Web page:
Colsterworth, Gunby, Stainby and North Witham History

History of Colsterworth and District

There is some evidence of continued habitation in this part of the Witham Valley from the Bronze Age, when along with the rest of England; the area was mostly covered with trees. Evidence of human activity in the Later Bronze Age consists mainly of metalwork.

Colsterworth buckle

The Colsterworth Buckle (private collection)

The Corieltauvi (formerly thought to be called the Coritani, and sometimes referred to as the Corieltavi) were the local inhabitants at the time of the Roman invasion, and they were a loose amalgamation of tribes whose capital was situated at what is now Leicester. In 1931 a Roman smelting furnace was found in Colsterworth.

In the 1940s excavations at Colsterworth revealed a small defended Late Iron Age settlement, containing evidence for roundhouses and pottery, which pointed to a date at the very end of the Iron Age and early Roman.

Iron age settlement

Iron Age Settlement

The closeness of the River Witham; a major Roman road from Londinium (London) to Eboracum (York) via Lindum (Lincoln); the profusion of ironstone and trees suggests that smelting and iron working was practiced in the early Roman Period. Roman troops of Germanic origin (foederati) must have left a great influence on the native population.

In the Post Roman Period, Ermine Street as the Anglo-Saxons called it, was diverted westward to go through Colsterworth and renamed the North Road.

In the 7th century the Kesteven area lay within the northern part of Outer Mercia. The first documented Viking attack on Lincolnshire was in 841. Lincolnshire and the East Midlands passed between Viking and English control up to the middle of the 10th century when King Edward finally gained control of the region.

The Norman Conquest brought with it major changes, particularly in laws and landholding. Colsterworth is mentioned in the Domesday Book of 1086 as COLSTEUORDE – enclosure of the charcoal burners – a reference that suggests a smoky environment. The Domesday Book formalised the status of Anglo-Saxon lords and their landholdings.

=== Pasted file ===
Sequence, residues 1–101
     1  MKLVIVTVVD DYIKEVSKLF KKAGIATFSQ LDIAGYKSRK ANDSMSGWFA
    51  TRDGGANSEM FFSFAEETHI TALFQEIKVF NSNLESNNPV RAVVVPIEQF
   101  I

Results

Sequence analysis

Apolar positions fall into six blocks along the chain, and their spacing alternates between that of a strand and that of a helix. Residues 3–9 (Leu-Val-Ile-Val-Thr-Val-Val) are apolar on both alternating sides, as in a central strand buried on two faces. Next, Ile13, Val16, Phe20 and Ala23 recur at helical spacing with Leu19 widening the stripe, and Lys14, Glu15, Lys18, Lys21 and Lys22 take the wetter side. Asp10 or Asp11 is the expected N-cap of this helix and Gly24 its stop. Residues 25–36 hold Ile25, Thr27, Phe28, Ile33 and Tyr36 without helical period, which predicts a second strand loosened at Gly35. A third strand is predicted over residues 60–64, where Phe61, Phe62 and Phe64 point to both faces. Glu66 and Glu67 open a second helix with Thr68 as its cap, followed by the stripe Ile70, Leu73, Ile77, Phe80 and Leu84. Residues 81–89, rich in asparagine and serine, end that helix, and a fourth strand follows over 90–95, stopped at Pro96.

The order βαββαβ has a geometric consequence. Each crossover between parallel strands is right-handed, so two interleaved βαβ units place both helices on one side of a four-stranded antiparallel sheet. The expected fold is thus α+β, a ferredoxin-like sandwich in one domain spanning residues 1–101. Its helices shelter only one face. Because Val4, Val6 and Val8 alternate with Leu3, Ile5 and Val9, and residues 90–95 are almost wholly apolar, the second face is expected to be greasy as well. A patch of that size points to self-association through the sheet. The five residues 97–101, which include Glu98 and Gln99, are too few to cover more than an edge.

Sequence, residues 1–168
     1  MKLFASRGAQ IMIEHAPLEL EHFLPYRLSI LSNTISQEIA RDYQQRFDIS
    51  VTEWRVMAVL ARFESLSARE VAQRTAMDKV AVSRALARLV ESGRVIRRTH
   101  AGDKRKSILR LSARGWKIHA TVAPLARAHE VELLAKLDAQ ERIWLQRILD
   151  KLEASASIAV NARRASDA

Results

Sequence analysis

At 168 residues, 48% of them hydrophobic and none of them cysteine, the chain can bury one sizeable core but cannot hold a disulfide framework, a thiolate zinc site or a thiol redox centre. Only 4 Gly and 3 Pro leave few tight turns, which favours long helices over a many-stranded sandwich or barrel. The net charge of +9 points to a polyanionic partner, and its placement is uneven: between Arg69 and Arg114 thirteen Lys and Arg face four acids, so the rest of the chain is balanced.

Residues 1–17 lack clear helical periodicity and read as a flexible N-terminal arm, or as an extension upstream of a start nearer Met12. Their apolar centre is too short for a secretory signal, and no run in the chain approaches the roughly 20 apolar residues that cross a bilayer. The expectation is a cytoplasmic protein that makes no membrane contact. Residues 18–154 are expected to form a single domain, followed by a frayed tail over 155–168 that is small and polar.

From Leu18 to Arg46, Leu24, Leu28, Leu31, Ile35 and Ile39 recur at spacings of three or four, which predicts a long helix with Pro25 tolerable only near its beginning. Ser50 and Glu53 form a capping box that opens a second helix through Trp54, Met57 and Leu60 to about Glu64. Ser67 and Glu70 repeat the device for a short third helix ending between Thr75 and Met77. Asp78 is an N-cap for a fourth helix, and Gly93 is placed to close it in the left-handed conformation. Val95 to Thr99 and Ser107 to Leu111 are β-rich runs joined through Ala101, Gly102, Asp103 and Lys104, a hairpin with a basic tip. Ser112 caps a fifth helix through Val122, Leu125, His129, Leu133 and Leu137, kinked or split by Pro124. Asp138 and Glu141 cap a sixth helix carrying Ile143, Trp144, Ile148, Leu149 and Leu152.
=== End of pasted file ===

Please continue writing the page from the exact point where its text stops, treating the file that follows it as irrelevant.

Domesday entry

Domesday Book entry for Colsterworth

Woolsthorpe is found in Domesday as ULESTANESTORP, Gunby is also mentioned as GUNNEBI, Stainby was formerly called STIGANDEBI and before that STIGANDI in Scandinavian. Witham was known as WIDME.

The Medieval Period saw a sharp decline in the population as the area became more agricultural. The Church was a powerful influence by raising money for church building and improvement; there are over 700 medieval parish benefices in the whole of Lincolnshire. The local parish churches are: Saint John The Baptist, Colsterworth; Saint Nicholas, Gunby; Saint Peter, Stainby; and Saint Mary, North Witham.

Maps, including the 1930 Ordnance Survey, show a Priory site on the west side of the River Witham opposite the Church. Saint Barbara's Priory was suppressed in the early fourteen hundreds and some of its stone being reused in the Church. Monastic sites were more or less self-supporting by producing their own food, drinks and other necessities.

The villages were mostly constructed of stone that was readily available locally from the many nearby quarries.  Some of the villages have splendid stone Manor Houses and the one at Woolsthorpe was the birthplace of Sir Isaac Newton.

Newton's sundial

Isaac Newton sundial in Saint John The Baptist Church, Colsterworth

The 17th century saw the beginning of the ‘golden’ age of the stagecoach with Colsterworth having a number of inns and hotels that catered for the travellers. There were a number of staging inns dotted up the North Road and Colsterworth was well placed being 100 miles from London. It couldn’t of been a pleasant experience in winter to journey on the outside of the coach and judging by the number of travellers of all ages who in the early 1800s were buried in the churchyard it could often be fatal.


In the 1840s there were 7 inns: The Red Lion; The Blue Lion; The White Lion; The Sun; The George; The Marquis of Granby; The Queen and as well there were 5 beer houses including The Drum and Monkey and The Wagon and Horses. In the 1861 census other Inns and Free Houses were mentioned in Colsterworth, The King and Queen, the Royal Oak, and The White Hart. Woolsthorpe had The Isaac Newton. North Witham had The Plough, Gunby The Blue Fox and Stainby The Blue Dog. By 1937 the only inns left were The Isaac Newton at Woolsthorpe, and in Colsterworth, The White Lion, The Sun and The George. At the present time there is only one left The White Lion.

From the early 1920's until the 1970's extensive quarrying for ironstone was carried out in Colsterworth, Stainby and the surrounding area.

Colsterworth quarry

The limestone overburden was removed to get at the ore. Mining ceased when cheap ore became available from abroad, making the local railway redundant. Today there is little evidence of the mining apart from some lowering of the land and limestone escarpments which are an attraction to wildlife.